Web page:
TIPP CITY — The Tipp City Board of Education continued discussions on its reopening plans during its meeting on Monday as Superintendent Mark Stefanik provided further guidance from the district’s Responsible Restart Task Force.
Families have until Aug. 16 to decide if they want to enroll their students in the full-time online program, which will be taught by an outside vendor, SchoolsPLP.
“They have a standards-based program that is already sequenced in a lesson format,” Stefanik said. SchoolsPLP will provide students with mentors to help them, but the instruction will not be happening live.
The district will also have point of contact persons within the district for those students receiving online instruction to get additional help as needed, and those point of contact persons will also monitor online students’ progress. Stefanik said the district is expecting to have five or six point of contact persons within the district. He said he envisioned the point of contact persons to act as a mixture of guidance counselor and support staff person.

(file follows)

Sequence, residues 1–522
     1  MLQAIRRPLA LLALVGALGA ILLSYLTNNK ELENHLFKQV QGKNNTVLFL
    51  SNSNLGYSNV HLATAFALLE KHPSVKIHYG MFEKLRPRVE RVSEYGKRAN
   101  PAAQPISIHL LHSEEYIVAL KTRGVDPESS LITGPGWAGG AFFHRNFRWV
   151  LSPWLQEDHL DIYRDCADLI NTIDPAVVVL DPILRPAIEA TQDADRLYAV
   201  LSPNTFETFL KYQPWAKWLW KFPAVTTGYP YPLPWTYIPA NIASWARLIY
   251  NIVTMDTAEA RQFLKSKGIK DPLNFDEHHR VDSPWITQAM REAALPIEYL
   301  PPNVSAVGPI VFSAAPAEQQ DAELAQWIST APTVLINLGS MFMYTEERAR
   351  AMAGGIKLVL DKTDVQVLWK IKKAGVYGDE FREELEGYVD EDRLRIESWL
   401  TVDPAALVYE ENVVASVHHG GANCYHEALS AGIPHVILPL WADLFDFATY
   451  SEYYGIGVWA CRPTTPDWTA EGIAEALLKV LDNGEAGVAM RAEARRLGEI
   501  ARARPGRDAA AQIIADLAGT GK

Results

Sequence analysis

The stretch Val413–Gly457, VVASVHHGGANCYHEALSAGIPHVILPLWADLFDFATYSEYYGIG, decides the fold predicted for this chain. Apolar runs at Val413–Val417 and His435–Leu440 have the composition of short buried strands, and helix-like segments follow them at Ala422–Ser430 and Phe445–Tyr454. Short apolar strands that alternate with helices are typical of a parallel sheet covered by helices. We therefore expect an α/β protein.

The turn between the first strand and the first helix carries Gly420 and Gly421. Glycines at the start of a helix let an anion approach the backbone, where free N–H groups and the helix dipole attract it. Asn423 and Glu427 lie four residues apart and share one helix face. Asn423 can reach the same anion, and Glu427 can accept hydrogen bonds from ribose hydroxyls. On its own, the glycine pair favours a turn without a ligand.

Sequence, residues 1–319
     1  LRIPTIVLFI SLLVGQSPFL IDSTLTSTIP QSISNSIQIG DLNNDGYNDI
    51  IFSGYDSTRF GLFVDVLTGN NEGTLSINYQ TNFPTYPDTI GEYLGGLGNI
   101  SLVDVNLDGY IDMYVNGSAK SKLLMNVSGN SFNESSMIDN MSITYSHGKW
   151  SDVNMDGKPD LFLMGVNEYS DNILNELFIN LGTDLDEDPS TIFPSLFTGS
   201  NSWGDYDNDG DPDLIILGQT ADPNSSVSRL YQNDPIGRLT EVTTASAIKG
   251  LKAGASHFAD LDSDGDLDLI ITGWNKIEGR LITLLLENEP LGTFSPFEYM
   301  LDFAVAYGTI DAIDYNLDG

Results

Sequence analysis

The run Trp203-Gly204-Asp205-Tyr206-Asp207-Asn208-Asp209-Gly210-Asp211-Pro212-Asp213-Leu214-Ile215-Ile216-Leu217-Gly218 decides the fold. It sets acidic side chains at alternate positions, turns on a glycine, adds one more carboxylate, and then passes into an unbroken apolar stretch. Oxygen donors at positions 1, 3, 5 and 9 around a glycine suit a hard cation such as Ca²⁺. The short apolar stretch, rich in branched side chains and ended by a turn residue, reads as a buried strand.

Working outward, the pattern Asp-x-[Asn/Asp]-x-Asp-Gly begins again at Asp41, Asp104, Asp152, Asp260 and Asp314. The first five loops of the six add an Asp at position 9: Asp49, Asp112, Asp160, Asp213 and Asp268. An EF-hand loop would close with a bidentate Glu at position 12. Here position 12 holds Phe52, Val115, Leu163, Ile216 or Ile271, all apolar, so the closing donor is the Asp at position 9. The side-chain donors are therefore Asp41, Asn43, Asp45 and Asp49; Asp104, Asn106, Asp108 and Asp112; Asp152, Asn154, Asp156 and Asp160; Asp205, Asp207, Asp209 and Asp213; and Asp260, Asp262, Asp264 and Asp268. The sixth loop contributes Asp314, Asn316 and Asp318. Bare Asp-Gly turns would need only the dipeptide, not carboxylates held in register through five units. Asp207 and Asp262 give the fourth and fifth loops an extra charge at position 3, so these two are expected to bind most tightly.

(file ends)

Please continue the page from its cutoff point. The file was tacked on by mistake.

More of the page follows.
Stefanik said this online-only option is different from the district’s remote learning option. While the district will be returning in the fall with in-person classes, should students need to return to remote learning later on, then that instruction would be conducted by Tipp City school teachers.
“When we go to remote learning, you will see Mrs. Johnson in your online classes at home,” Stefanik said.
Stefanik provided the board with a schedule of when teachers would provide live instruction over Zoom four days a week during remote learning, with Wednesdays acting as a day for small group instruction and teacher office hours.
“Each level will have an expectation for seeing their teachers live,” Stefanik said. For students, there will also be attendance expectations and work completion expectations.
“If things settle a bit, we might be able to stay with the face-to-face option for a high percentage of the year,” Stefanik said. “And that would be great as long as everyone can stay healthy.”
If the district would move to remote learning, it is unclear how many SchoolsPLP students, if any, could switch over to the remote learning.